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alism has since arisen upon this same subject, is that warning a weapon in your hands agaiast as, or in our hands against you? : Could Washington himself speak, would he cast the blame of that sectionalism upon us, who sustain his policy, or upon you, who repudiate it? We respect that warning of Washington, and we commend it to you, together with his example pointing to the right application of it.

But you say you are conservative-eminently conservative-while we are revolutionary, de. structive, or something of the sort. What is conservatism? Is it not adherence to the old and tried, against the new and untried ? We stick to, contend for, the identical old policy on the point in controversy which was adopted by "our fathers who framed the government und der which we live ;" while you with one accord

eject, and scout, and spit upon that old policy, and insist upon substituting something new. True, you disagree among yourselves as to what that substitute shall be. You are divided on new propositions and plans, but you are unanimous in rejecting and denouncing the old policy of the fathers. Some of you are for reviving the foreign slave-trade, some for a con. gressional slave code for the Territories : some for Congress forbidding the Territories to prohibit slavery within their limits ; some for main. taining slavery in the Territories through the judiciary ; some for the" gur-reat pur-rinciple" that " if ono man would enslave another, no third man should object," fantastically called " popular sovereignty;" but never a man among you is in favor of Federal prohibition of slavery in Federal Territories, according to the practice of “our fathers who framed the gove ernment under which we live." Not one of all your various plans can show a precedent or an advocate in the century within which our gov. ernment originated. Consider, then, whether your claim of conservatism for yourselves, and your charge of destructiveness against us, are based on the most clear and stable foundations.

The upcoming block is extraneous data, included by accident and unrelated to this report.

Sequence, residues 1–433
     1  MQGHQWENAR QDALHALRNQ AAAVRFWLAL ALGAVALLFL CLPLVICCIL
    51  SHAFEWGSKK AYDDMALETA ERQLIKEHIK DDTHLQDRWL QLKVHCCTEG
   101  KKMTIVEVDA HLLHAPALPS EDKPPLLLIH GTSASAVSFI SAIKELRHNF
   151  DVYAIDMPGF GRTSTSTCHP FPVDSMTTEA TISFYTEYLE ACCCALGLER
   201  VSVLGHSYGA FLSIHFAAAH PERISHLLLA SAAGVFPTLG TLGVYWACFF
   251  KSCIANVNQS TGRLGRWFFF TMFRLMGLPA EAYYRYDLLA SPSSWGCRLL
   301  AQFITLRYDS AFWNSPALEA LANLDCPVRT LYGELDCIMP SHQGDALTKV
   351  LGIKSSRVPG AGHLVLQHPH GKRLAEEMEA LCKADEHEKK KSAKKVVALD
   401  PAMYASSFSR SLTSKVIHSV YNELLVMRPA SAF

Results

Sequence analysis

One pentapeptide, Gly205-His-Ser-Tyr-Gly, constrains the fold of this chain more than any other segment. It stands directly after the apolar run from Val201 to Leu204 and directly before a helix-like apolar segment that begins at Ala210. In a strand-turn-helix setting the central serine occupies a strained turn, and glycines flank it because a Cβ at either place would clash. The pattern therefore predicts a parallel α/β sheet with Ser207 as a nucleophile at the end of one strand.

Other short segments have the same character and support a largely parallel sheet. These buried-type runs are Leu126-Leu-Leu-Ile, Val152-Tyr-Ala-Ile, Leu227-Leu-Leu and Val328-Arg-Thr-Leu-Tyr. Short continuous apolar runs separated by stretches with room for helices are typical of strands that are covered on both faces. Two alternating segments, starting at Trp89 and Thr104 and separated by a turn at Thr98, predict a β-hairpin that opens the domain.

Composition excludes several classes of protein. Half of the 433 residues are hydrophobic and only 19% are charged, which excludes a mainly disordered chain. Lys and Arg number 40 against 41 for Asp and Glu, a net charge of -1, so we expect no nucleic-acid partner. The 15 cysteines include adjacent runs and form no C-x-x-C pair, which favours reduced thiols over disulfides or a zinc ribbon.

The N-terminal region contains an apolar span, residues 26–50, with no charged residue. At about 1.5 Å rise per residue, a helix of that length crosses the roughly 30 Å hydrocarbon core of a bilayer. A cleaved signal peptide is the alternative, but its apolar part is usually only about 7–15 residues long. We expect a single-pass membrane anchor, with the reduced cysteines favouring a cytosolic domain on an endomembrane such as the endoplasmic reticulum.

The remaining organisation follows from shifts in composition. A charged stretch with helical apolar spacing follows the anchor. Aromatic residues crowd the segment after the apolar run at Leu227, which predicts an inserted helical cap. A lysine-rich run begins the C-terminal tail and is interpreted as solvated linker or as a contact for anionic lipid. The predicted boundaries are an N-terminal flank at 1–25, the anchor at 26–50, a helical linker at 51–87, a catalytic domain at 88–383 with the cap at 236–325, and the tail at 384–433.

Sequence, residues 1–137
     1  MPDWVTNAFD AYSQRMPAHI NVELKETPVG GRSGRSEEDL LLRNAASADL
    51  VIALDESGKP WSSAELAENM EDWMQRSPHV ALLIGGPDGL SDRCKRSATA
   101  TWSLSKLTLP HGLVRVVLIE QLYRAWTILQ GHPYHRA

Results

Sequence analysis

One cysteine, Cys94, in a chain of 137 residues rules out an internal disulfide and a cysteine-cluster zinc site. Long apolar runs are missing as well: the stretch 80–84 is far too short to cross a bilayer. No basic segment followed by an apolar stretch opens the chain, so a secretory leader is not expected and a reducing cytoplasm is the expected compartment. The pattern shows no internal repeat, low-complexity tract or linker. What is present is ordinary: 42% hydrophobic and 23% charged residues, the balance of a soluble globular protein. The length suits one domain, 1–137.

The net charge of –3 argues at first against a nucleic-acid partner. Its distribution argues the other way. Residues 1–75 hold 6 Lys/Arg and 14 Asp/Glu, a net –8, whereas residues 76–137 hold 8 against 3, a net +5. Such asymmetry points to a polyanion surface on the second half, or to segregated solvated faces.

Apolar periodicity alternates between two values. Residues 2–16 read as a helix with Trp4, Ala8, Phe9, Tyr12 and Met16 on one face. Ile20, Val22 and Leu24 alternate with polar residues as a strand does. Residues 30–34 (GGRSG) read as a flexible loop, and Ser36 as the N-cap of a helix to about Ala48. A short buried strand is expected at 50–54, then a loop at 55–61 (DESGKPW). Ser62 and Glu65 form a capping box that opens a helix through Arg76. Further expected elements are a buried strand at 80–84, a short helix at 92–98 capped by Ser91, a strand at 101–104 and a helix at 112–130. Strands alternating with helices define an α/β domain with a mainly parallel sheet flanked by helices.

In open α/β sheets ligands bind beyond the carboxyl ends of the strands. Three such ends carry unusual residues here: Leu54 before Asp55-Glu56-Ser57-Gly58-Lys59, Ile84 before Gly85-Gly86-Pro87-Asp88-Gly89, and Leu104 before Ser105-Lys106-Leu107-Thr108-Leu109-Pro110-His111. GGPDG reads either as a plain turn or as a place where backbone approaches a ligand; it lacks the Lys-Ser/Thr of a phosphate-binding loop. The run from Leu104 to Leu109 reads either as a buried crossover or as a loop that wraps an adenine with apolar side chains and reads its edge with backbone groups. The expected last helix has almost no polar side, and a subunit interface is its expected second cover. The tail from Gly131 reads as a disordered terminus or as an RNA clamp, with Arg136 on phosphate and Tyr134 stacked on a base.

Again, you say we have made the slavery question more prominent than it formerly was. We deny it. We admit that it is more promi. nent, but we deny that we made it so. It was not we, but you, who discarded the old policy of the fathers. We resisted, and still resist, your innovation ; and thence comes the greater prominence of the question. Would you have that question reduced to its former proportions ? Go back to that old policy. What has been will be again, under the same conditions. If you would have the peace of the old times, re. adopt the precepts and policy of the old times.

You charge that we stir up insurrections amocg your slaves. We deny it; and what is your proof? Harper's Ferry! John Brown !! John Brown was no Republican; and you have failed to implicate a single Republican in his Harper's Ferry enterprise. If any member of our party is guilty in that matter, you know ito or you do not know it. If you do know it, you are inexcusable for not designating the man and proving the fact. If you do not know it, you are inexcusable for asserting it, and espe. cially for persisting in the assertion after you have tried and failed to make the proof. You need not be told that persisting in a charge which one does not know to be true, is simply malicious slander.